The massive data theft from Yahoo in 2013 is even bigger than first thought. It was big enough when it was believed to have affected around a billion users, but Yahoo has now provided an update indicating that the number is in fact three billion. Or, to put it another way, every single Yahoo user.
Yahoo, now part of Oath, has issued a statement in which it stresses that the updated figure does not represent "a new security issue" and that plaintext passwords were not accessed. The biggest data breach in history just got even bigger, and it's going to take a lot for Yahoo, Oath and Verizon -- the new owner -- to move on from it.
Anyone who has been affected by the breach -- that is, anyone who has ever had a Yahoo account -- should receive a notification from the company advising them about what has happened. The fallout from the hack has already been tough on Melissa Mayer who gave up her cash bonus last year. There have also been a number of lawsuits started against the company.
In a statement on the Oath website, Yahoo says:
Subsequent to Yahoo's acquisition by Verizon, and during integration, the company recently obtained new intelligence and now believes, following an investigation with the assistance of outside forensic experts, that all Yahoo user accounts were affected by the August 2013 theft. While this is not a new security issue, Yahoo is sending email notifications to the additional affected user accounts. The investigation indicates that the user account information that was stolen did not include passwords in clear text, payment card data, or bank account information. The company is continuing to work closely with law enforcement.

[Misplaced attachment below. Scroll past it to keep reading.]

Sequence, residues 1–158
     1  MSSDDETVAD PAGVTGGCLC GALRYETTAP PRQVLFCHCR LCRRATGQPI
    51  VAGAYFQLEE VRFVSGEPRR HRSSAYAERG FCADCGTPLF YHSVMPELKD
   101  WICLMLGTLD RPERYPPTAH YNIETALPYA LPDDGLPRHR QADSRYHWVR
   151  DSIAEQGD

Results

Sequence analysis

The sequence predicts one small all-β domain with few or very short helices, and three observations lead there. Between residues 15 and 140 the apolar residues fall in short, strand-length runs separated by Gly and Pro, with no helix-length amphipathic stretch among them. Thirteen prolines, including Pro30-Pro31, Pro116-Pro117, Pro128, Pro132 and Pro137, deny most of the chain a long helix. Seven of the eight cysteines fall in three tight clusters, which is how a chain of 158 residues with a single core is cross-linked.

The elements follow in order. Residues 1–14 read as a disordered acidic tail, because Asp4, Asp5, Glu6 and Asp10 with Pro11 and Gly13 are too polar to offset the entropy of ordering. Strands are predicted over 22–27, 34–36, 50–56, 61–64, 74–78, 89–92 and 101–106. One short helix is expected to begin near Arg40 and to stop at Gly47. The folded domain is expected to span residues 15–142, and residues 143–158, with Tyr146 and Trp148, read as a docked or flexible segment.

Security experts are less than impressed with Yahoo's handling of the situation. Ilia Kolochenko, CEO of web security company High-Tech Bridge says:
Taking into consideration that the integrity of Yahoo user accounts was compromised, one can reasonably infer that Yahoo ignored the fundamental principles of access segregation, continuous security monitoring and related security processes. Therefore, it’s a bit hard to believe that sensitive information related to these accounts remained safe. Moreover, even hashed passwords can be bruteforced and then leveraged by the attackers. Information like date of birth or answer to secret question(s) can be a universal door-opener for cybercriminals. Anyway, Yahoo has already learned a very hard lesson and served an example to others that cybersecurity is pivotal for digital business.
Chandra McMahon, chief information security officer at Verizon says that its investment in Yahoo means that significant improvements have been made to security.